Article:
Repeated sprint training in hypoxia (RSH) is a potential training strategy to improve short-term high-intensity sprint ability and evoke adaptation of lactate metabolism. Therefore, the purpose of the present study was to examine the effects of RSH on Wingate sprint performance and lactate metabolism. Eight university cyclists performed 6 sessions of RSH (3 × 30-sec sprint with 5-min recovery, FiO2: 14.5%) over 6 consecutive days. Two days before (pre-test) and 7-9 days after (post-test) the training intervention, subjects performed Wingate tests as performance tests. We took blood samples before and 0.5, 1, 2, 3, 4, 5, 7, 10 min after the Wingate test to evaluate physiological adaptations. Mean power outputs were unchanged after the intervention (p = 0.094, d = 0.23). Whereas, the fatigue index was significantly improved (p = 0.025, d = 0.43). According to time course change in power outputs during the Wingate test, power outputs at 26 s, 29 s and 30 s were significantly improved after the intervention (p = 0.029, 0.001 and 0.001; d = 0.54, 0.74 and 0.74, respectively). Area under the curve (AUC) of blood lactate concentration was significantly lowered after the intervention (p = 0.048, d = 0.46). Six sessions of RSH over 6 consecutive days delayed fatigue during the Wingate test. AUC of blood lactate concentration was lowered after the intervention, indicating that glycogen breakdown was reduced (glycogen sparing effect) and/or lactate oxidation was increased during and after the Wingate test when the same work was performed. The effects of glycogen sparing and increased lactate oxidation would provide a competitive advantage to athletes performing multiple sprints.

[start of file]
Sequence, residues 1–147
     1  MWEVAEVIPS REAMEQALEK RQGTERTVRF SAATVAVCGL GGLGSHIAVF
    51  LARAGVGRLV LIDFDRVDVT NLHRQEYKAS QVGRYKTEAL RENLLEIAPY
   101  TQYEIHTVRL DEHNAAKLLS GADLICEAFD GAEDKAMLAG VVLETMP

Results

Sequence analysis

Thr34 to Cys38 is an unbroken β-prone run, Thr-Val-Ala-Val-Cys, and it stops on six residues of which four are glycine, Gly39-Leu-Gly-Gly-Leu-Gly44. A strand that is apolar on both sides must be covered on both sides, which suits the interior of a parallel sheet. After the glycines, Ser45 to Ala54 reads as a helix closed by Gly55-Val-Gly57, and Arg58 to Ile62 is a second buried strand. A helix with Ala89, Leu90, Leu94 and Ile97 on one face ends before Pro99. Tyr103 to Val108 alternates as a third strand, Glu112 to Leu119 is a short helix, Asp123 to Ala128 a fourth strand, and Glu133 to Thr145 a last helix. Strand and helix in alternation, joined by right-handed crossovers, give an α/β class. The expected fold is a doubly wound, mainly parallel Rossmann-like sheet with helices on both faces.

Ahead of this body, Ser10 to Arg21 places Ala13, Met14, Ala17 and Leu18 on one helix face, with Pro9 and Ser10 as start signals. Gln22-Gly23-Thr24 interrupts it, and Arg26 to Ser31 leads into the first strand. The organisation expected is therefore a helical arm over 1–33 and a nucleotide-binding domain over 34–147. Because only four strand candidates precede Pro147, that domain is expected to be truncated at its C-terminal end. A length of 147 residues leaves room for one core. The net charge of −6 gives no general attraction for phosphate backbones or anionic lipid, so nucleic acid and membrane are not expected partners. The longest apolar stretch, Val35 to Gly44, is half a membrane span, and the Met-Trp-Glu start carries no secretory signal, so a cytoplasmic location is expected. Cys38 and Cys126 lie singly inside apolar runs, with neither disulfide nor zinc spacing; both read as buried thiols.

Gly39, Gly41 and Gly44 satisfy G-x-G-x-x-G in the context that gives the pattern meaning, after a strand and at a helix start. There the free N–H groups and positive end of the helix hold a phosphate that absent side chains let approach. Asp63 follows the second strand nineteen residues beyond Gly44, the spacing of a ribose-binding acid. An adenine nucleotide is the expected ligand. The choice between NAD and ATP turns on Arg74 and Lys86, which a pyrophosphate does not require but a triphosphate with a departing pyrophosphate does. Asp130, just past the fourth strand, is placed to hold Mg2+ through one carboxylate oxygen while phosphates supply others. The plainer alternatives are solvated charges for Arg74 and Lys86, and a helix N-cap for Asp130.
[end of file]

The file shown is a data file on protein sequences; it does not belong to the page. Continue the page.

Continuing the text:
The purpose of the present study was to examine acute changes in active muscle stiffness with and without the stretch reflex following static stretching. Before and after static stretching for 10 min, active muscle stiffness was measured according to changes in exerted torque and fascicle length during short-range stretch of faster (peak angular velocity of 250 deg·s-1; without the stretch reflex) and slower (peak angular velocity of 100 deg·s-1; with the stretch reflex) angular velocities. During the measurement of active muscle stiffness, the electromyographic activities of plantar flexor muscles were recorded and averaged over two different phases: just before (mEMGa) and after (mEMGb) stretch. In addition, the mEMGb/mEMGa ratio was used to evaluate the effects of stretch reflex. After 10 min of stretching, the mEMGb/mEMGa ratio tended to decrease under the 100 deg·s-1 condition, but not 250 deg·s-1. Under both conditions, active muscle stiffness did not change after 10 min of static stretching. In conclusion, the prolonged static stretching did not affect active muscle stiffness with or without the stretch reflex, but tended to decrease the stretch reflex. In addition, these results imply that active muscle stiffness measured during contractions was not influenced by the stretch reflex.